The two clubs couldn't be on more opposite ends of the playoff spectrum.
Miami secured the best record in the league a while ago and has since continued its winning ways, while still finding time to rest key contributors. Milwaukee, meanwhile, limps into the series playing some of its worst basketball of the season, losing 12 of its final 16 games.
Still, this is a matchup the Heat can't afford to overlook—not even with many pundits tabbing this series as the most likely sweep of the opening round.
Seeds: Milwaukee Bucks No. 8; Miami Heat No. 1
Records: Milwaukee Bucks 38-44; Miami Heat 66-16
Season series: Miami Heat won 3-1
Schedule for series: Game 1 Sunday, April 21, 7 p.m. ET (TNT); Game 2 Tuesday, April 23, 7:30 pm. ET (NBA TV); Game 3 Thursday, April 25, 7 p.m. ET (TNT); Game 4 Sunday, April 28, 3:30 p.m. ET (ABC); Game 5 Tuesday, April 30, TBD; Game 6 Thursday, May 2, TBD; Game 7 Saturday, May 4, TBD (TNT).
What Everybody's Talking About
Last season's success did nothing to lower those lofty aspirations. If anything, it only heightened the importance of cashing in on what could be the final two runs with Miami's Big Three intact.
Their blistering 27-game winning streak earlier this season provided plenty of fodder for the national media, but the Heat will lose some, or all, of their luster if they fail to realize their championship potential.
The Heat have separated themselves further from the competition than any team has since at least the Los Angeles Lakers of the early 2000s, led by Kobe Bryant and Shaquille O'Neal. Miami doesn't have the rings (yet) to fully infiltrate the discussions of the NBA's greatest all-time collections of talent, but its incredible 42-4 record since Jan. 16 suggests it's not that far away from doing so.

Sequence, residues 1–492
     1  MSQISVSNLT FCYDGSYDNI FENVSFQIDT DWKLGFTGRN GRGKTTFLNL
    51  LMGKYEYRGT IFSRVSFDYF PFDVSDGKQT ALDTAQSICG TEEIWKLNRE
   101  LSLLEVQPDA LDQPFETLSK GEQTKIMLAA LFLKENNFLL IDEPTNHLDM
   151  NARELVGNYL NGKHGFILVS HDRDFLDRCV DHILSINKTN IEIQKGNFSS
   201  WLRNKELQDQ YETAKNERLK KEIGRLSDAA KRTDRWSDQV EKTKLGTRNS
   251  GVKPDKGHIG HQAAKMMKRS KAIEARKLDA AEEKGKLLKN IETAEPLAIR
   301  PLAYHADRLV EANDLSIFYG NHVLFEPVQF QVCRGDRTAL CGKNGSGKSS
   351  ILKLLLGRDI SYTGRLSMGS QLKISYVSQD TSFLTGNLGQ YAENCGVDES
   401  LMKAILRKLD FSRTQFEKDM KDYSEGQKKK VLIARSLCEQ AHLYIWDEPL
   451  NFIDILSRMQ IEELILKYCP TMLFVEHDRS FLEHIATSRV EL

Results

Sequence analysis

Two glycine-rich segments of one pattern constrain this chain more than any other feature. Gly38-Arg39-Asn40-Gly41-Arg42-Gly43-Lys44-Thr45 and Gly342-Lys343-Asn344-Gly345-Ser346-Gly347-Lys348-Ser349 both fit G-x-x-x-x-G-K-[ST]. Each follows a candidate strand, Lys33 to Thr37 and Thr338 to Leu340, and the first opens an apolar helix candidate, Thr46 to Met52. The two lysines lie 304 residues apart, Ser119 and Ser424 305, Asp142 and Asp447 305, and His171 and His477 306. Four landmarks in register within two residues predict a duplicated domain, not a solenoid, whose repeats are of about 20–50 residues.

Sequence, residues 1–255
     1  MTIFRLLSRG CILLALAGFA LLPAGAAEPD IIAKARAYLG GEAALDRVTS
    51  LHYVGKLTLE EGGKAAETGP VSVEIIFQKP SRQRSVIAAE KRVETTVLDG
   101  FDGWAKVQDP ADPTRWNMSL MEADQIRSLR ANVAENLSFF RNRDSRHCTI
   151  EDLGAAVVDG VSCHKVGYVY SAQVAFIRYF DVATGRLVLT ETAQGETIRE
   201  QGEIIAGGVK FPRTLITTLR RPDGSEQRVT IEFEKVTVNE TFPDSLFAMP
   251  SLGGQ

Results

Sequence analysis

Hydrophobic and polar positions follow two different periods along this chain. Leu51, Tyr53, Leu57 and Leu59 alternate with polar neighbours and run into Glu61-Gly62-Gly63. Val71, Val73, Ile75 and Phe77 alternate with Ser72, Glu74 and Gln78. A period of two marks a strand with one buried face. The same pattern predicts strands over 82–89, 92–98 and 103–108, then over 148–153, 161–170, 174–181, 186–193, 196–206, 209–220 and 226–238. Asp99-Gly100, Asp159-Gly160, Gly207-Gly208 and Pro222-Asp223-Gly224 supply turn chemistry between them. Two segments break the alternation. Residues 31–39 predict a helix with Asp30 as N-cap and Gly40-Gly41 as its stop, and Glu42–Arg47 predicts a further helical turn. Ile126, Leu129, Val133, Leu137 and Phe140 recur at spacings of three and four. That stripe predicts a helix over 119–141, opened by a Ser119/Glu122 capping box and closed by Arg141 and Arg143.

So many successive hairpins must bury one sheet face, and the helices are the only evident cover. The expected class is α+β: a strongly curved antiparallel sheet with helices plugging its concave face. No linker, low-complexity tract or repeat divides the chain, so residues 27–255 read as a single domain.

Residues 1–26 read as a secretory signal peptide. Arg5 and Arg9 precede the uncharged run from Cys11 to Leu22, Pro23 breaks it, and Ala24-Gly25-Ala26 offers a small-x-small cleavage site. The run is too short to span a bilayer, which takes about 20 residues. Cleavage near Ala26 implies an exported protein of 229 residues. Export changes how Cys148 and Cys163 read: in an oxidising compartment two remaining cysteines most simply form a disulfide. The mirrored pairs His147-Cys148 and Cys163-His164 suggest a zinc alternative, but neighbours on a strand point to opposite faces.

As for the Bucks, this series could play a pivotal role in determining how this franchise plans to move forward.
With Monta Ellis, Brandon Jennings and J.J. Redick all possibly hitting the free-agent market over the summer, Milwaukee will have to choose which star player is the best option to lead the organization.
It will take a physical, grinding effort for any of those three to impact the series. Miami's roster overflows with perimeter defensive stoppers, all of whom attack that end of the floor with the ferocity capable of pushing any of the Bucks players well outside of their comfort zone.
What Nobody's Talking About
Milwaukee's upset chances?
Kidding aside, there are a few things working in Milwaukee's favor.
For starters, the Bucks battled with the Heat in all four of their meetings this season. The Heat had the 3-1 edge in the season series, but the four games were decided by an average margin of just three points.
It may clash with conventional wisdom, but Milwaukee's best upset chance may lie in its ability to dictate the tempo and run right alongside Miami coach Erik Spoelstra's gazelles. A starting backcourt combo of Jennings and Ellis inevitably brings two things to the hardwood—a lot of points and a lot of poor decisions.